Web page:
Archaeologists are delighted after they unearthed the remains of a 2,000-year-old female – gladiator.
Experts thought they had found the remains of a strapping male warrior when they unearthed the skeleton earlier this month.
But the shape of gladiator’s skull and pelvis proved that the remains belonged to a tough, muscular woman Roman gladiator.
The woman is believed to have fought blood-curdling battles as the Roman army pushed into Wales in 100 AD.
Project manager Robin Jackson, who led the dig in Credenhill, Herefordshire., said: ”When we first looked at the leg and arm bones, the muscle attachments suggested it was quite a strapping big bloke.
”But the skeleton’s pelvis and head, and all the other indicators of gender, say it’s a woman.
”She’s buried in quite an elaborate, and probably a very expensive coffin, yet she looked like she had a hard working life.”
Roman women were originally allowed to compete in the gladiatorial arena but the practice was banned in 200 AD.
Experts believe that the marks on the woman’s body suggest that she had fought – and survived – numerous battles in the arena.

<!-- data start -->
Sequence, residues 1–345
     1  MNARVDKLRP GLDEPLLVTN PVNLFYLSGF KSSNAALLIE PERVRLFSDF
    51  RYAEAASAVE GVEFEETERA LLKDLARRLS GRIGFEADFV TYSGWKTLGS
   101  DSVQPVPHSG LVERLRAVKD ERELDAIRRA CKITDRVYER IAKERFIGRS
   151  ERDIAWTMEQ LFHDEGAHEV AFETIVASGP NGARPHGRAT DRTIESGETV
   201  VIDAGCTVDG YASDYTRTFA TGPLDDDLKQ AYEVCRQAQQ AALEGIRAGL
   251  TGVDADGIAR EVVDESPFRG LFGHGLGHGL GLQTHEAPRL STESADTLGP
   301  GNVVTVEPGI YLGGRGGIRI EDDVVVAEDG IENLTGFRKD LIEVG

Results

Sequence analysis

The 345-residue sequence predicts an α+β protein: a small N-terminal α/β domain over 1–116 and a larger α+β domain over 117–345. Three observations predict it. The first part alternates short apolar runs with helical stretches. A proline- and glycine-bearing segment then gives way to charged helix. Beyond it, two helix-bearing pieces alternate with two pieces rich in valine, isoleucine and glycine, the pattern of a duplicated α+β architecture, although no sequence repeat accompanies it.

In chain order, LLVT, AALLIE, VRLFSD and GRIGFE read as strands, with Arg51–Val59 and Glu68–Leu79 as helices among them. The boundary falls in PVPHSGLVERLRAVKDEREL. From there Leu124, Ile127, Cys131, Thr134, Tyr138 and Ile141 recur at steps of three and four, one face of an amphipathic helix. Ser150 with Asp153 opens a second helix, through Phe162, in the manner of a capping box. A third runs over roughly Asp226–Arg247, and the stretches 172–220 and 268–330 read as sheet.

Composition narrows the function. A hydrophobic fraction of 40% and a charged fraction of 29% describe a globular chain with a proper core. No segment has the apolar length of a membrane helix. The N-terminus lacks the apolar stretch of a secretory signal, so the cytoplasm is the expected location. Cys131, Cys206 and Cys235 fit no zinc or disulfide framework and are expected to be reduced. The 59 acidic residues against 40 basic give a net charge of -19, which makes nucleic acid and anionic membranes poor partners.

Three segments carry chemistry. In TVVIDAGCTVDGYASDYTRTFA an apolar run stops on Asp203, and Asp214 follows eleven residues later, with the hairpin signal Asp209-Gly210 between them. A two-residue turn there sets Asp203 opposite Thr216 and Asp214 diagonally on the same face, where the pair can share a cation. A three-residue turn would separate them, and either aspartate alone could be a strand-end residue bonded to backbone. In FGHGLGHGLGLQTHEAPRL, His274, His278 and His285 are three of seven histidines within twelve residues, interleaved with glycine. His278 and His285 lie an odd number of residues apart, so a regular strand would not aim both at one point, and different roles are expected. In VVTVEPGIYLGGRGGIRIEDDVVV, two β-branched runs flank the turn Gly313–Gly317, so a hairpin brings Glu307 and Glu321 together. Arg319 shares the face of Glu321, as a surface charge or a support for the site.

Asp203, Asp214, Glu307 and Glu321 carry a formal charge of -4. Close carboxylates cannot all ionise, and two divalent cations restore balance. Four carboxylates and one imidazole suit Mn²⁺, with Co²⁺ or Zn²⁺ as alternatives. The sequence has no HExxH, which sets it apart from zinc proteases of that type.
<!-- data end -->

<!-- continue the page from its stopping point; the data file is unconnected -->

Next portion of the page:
The skeleton was found in a crouched position inside a wooden coffin reinforced with iron straps and copper strips.
Offerings of beef and a fired pot were also found in the grave and she was buried on top of a base of gravel.
The woman’s remains are believed to be connected to the nearby Roman town of Kenchester.
The Romans built a road from the town as their army pushed westwards into Wales in the first century AD.
Archaeologists believe the woman was buried in a suburb of Kenchester after being
cast out of the town’s cemetery.
The suburb was discovered after diggers from Worcestershire County Council and Herefordshire Council combed the site before flood defence building work began in 2009.
It was known that there had been a Roman settlement in the suburb alongside the road but it is now buried beneath fields and a footpath.
Archaeologist Robin added: ”This is a fantastic find which helps us to build up a picture of the Romans at the time.
”There was a lot of fighting going on and if the skeleton is that of a gladiator, judging by her size, she would have been a fierce opponent.
”None of the wood from her coffin is left, but we’ve got the nails around the outside then three huge giant straps that run all the way around the coffin.
”There’s also bronze strips on the corners which would have probably strengthened it, but probably decorated it.”
The last female Roman gladiator to be discovered was in Southwark, London in 1996.